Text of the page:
I have been writing much about suffering, so today I thought I would write about love. It’s difficult to discuss it in a way that is fresh and alive. The word itself died long ago in the coffin of cliche and teenage romance. What good will saying it one more time do?
When I first heard Ram Dass say the word’s “Souls not roles,” I felt my nerves tingle and cells sing. I printed out those words and taped them on my dashboard. I would see it while I drove, and it seemed the whole world sang its glory. It only took a few days for the song to fade, and then they too were just words.
When I studied poetry in college, I learned the golden rules of modern American verse. The universal is gleamed at through the specific, and the abstract is earned through imagery and sound. Love requires the highest price; even better to invoke it without saying it.
Rumi, Hafiz, and Kabir served as a bridge to the devotional poetry of India, which seemed to have its own set of golden rules. It can appear soft and trite for the unprepared. Tulsidas writes for those on the path. His words are earned through years of practice. We prepare ourselves, working our emotions, attachments and mind, so when the gods shower us with rose petals we can appreciate their perfume. Tulsidas takes us beyond the clouds to be obliterated by the Sun.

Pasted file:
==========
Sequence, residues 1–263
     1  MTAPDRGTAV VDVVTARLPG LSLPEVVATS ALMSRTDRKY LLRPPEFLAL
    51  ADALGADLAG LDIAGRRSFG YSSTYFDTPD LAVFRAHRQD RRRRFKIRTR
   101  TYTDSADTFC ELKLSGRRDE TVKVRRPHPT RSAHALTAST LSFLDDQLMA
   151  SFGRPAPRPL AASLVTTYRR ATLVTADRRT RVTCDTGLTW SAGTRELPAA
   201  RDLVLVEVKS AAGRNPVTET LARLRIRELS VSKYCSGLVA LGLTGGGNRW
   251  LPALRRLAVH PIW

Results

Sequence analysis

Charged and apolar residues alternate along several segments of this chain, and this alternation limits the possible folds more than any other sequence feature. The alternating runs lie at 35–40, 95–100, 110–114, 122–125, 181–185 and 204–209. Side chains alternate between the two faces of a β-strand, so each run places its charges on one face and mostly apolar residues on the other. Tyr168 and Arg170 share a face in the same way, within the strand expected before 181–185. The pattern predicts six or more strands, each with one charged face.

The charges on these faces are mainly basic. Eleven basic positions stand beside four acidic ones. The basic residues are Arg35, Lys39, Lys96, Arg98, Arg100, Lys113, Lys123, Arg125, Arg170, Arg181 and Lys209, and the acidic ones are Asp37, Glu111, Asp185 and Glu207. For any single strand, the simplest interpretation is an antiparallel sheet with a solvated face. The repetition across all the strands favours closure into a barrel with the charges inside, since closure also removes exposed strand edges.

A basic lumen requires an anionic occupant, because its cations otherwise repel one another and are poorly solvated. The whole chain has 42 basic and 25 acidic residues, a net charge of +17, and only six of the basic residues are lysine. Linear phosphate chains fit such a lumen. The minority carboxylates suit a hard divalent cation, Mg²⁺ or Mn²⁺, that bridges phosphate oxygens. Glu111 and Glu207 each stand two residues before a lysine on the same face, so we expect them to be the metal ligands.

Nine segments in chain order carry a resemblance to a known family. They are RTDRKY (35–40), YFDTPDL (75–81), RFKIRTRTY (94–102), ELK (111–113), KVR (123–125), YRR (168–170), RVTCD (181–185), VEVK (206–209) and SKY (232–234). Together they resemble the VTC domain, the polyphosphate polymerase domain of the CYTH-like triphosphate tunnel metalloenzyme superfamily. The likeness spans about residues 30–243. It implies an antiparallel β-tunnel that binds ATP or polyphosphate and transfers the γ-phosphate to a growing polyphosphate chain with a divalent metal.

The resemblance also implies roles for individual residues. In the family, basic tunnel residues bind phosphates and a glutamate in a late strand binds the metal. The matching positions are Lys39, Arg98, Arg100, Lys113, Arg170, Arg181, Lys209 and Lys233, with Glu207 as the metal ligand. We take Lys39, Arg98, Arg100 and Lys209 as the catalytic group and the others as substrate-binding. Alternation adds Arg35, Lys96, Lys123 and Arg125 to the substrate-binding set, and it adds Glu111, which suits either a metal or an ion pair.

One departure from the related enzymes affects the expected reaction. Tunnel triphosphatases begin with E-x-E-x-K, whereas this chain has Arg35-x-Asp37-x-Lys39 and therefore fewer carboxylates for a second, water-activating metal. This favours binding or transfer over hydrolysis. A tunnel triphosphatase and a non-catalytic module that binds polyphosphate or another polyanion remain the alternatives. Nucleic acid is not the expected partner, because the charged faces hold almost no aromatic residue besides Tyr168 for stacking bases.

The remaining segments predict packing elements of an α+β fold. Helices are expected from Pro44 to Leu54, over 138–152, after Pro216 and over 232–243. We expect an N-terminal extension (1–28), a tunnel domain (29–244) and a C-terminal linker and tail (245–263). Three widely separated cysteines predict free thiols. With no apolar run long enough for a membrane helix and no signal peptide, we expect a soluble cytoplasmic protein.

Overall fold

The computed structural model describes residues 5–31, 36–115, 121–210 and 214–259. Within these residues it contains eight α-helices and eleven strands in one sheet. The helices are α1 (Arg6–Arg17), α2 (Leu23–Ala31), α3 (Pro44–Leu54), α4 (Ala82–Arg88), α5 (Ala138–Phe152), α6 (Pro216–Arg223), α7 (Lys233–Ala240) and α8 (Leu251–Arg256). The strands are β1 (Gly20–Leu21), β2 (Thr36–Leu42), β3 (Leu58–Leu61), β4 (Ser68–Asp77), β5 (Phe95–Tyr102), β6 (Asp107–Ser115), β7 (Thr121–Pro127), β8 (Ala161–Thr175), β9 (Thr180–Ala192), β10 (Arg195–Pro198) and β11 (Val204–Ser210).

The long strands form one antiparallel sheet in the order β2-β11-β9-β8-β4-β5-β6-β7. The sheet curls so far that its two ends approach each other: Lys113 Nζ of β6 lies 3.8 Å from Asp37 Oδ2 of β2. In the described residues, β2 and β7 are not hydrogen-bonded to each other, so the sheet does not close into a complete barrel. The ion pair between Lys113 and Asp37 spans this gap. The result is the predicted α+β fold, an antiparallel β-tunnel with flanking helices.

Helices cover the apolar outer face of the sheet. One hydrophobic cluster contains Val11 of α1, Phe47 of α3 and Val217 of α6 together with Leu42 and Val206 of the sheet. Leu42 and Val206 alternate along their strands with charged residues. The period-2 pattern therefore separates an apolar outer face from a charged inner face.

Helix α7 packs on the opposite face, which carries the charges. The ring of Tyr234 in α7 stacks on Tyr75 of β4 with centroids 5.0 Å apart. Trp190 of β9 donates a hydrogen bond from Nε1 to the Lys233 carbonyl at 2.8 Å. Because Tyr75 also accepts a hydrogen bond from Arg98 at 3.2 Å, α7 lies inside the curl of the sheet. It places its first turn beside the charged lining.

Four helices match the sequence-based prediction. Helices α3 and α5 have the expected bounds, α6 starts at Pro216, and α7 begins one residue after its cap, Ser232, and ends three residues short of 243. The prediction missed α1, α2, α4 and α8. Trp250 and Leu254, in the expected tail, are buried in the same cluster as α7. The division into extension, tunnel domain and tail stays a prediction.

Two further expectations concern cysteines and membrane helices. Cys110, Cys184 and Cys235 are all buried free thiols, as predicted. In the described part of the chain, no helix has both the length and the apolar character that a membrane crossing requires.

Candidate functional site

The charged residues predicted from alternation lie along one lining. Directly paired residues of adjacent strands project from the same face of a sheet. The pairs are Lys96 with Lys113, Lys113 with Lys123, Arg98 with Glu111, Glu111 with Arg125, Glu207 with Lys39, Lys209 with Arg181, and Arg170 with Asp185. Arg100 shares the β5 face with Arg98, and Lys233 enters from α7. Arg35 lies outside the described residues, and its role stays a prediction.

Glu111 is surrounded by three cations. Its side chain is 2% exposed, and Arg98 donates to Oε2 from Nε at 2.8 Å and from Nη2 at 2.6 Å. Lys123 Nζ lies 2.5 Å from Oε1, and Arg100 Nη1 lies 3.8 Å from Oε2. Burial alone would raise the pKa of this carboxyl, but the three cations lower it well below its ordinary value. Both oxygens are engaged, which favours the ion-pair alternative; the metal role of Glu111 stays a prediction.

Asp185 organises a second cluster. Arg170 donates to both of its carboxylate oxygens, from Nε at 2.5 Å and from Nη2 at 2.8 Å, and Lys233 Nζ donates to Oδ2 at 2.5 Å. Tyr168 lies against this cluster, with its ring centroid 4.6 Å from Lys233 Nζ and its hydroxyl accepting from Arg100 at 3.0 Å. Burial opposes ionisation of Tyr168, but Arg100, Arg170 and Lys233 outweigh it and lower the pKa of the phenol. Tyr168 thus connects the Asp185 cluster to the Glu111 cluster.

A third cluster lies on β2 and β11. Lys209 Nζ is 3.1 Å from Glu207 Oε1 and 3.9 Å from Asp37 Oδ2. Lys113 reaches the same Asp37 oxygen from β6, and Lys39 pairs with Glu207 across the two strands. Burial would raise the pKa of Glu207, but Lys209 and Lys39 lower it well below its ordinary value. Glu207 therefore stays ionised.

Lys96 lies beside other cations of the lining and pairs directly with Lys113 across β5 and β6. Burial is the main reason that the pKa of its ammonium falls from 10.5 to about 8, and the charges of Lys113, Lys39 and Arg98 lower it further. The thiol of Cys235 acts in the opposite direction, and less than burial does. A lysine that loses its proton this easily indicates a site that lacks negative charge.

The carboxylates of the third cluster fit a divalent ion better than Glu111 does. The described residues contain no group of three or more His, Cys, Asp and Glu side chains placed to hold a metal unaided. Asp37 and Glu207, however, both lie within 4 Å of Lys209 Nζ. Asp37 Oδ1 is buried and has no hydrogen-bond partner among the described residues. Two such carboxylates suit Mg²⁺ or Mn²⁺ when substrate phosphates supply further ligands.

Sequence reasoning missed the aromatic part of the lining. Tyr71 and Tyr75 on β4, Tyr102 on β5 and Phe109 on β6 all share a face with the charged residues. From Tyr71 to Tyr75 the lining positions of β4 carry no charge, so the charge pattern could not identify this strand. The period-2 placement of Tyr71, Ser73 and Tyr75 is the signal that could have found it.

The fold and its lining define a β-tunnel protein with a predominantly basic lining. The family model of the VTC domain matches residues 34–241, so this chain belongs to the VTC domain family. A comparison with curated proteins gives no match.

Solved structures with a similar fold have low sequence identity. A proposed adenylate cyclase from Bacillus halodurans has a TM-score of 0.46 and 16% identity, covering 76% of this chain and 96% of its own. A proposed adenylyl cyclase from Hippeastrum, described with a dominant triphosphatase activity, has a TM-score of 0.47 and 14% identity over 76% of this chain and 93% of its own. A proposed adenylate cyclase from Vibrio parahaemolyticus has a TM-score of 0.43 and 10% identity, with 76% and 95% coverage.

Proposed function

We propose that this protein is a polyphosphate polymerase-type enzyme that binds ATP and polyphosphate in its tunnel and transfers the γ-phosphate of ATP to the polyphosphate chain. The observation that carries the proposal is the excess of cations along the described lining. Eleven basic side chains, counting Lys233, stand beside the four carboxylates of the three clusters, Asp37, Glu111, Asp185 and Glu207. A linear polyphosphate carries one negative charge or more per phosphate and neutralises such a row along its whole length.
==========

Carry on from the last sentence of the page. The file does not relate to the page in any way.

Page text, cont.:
I don’t know how to reach that depth of love without acknowledging suffering. Maybe it’s protestant guilt, unknowingly inherited through our culture and embedded in a poetry that teaches us love must be earned. Or, maybe its because my Guru once said, “I love suffering. It brings me so close to God.” We know Ram Dass has earned it when he looks from his wheelchair and says, “Suffering is grace.”
In Truth, the world has already earned it. It cries out tears of anguish, desperately in need of that Love.